University of Louisville in talks with Nashville hospital firm to partner in buying, perhaps saving Jewish Hospital and its affiliates

The University of Louisville is talking with a Nashville health-care firm to “prevent a catastrophic health-care shakeup in Louisville,” the closure of Jewish Hospitalreports Louisville’s WDRB-TV. The potential deal is “offering a new survival scenario for the university’s medical services” at Jewish and Frazier Rehabilitation Institute, the Louisville Courier Journal reports.

After those stories were published, U of L President Neeli Bendapudi confirmed that the university is in talks with Ardent Health Services, which has 31 hospitals in seven states, as well as other potential partners. On Dec. 21, she sent Jewish’s parent company a non-binding letter of intent to purchase, according to an email WDRB obtained through the Kentucky Open Records Act. Bendapudi said the university would “absolutely” need a financial partner to do the deal.

“The disclosure comes as hopes fade for a New York hedge fund to buy Jewish and other Louisville facilities owned by cash-starved KentuckyOne Health,” the CJ’s Grace Schneider and Morgan Watkins report. Those are Frazier, Sts. Mary and Elizabeth HospitalJewish Hospital Shelbyville and four outpatient medical centers, notes Chris Otts of WDRB.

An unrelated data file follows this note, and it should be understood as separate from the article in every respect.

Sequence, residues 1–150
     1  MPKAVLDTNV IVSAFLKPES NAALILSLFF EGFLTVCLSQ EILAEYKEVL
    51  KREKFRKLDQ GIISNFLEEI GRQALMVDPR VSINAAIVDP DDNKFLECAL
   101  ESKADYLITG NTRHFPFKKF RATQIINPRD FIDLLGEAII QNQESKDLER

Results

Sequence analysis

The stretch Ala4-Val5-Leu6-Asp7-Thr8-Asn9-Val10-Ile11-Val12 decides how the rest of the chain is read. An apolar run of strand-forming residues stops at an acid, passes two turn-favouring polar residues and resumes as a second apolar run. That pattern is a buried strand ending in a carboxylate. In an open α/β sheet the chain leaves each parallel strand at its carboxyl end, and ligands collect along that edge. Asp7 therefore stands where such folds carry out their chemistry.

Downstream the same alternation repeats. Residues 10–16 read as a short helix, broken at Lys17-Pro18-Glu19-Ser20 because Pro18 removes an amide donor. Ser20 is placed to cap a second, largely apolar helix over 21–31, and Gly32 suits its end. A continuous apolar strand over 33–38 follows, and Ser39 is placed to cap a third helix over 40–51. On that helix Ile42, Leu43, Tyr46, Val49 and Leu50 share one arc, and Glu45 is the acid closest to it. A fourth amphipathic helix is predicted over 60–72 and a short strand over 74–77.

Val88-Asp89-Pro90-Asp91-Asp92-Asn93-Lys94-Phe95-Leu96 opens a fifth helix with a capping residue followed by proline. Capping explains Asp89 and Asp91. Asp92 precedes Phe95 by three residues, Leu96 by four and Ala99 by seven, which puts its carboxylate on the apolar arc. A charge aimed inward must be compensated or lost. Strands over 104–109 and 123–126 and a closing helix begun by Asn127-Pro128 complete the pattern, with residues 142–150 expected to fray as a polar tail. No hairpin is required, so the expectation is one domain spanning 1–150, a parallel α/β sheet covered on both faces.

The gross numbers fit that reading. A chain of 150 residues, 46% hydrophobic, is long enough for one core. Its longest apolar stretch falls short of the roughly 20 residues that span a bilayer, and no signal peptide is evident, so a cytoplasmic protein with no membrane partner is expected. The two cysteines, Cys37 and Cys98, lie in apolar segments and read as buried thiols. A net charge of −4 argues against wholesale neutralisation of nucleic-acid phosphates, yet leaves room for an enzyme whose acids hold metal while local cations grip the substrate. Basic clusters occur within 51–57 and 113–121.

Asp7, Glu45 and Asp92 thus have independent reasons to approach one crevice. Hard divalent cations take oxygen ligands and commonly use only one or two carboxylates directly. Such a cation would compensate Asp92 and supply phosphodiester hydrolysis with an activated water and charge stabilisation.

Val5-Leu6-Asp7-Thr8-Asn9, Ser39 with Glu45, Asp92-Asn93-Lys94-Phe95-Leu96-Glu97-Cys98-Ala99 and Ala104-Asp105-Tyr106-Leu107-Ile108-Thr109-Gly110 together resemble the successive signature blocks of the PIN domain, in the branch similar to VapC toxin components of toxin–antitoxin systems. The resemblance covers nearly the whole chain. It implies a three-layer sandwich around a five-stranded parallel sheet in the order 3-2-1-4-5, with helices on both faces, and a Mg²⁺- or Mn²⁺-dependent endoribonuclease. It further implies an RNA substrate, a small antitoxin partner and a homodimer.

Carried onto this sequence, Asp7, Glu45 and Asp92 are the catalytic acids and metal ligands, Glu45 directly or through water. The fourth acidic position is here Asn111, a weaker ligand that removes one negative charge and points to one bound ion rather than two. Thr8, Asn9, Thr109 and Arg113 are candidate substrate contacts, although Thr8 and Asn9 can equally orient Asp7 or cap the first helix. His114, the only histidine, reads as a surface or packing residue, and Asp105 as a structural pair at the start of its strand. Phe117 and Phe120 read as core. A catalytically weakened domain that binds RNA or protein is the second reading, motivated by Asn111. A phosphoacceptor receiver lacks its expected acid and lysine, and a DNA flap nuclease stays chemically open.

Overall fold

“KentuckyOne lost $57 million operating that group of facilities in the year ending June 30, 2018, and another $18 million in the three months ending Sept. 30, according to financial reports from KentuckyOne’s parent company, Colorado-based Catholic Health Initiatives,” Otts reports. “More than a year ago, KentuckyOne identified New York private equity firm BlueMountain Capital Management as the likely buyer of its Louisville assets, but protracted negotiations have failed to result a deal,” and BlueMountain has stopped talking to journalists.
In approaching Ardent, Bendapudi is dealing with a player familiar to her. “In 2017, the company formed a joint venture with the University of Kansas – where Bendapudi was provost before she came to U of L last year – to buy a struggling hospital in Topeka, Kansas, that was near closure,” Otts reports. “U of L is believed to be looking into a ‘joint venture’ in which a partner would provide much-needed capital to update Jewish Hospital and the other aging facilities, as well as operational expertise. Ardent has undertaken a number of similar deals.”

The CJ reports, “The fate of Jewish and Frazier is critical to U of L because the hospital and rehab facility have been the home of groundbreaking research and the city’s only adult organ transplant center. More than 50 U of L medical residents and dozens of doctors associated with U of L work at those facilities under a contract between KentuckyOne and the university.” Jewish and Frazier are near University Hospital, of which U of L regained control from KentuckyOne last year.

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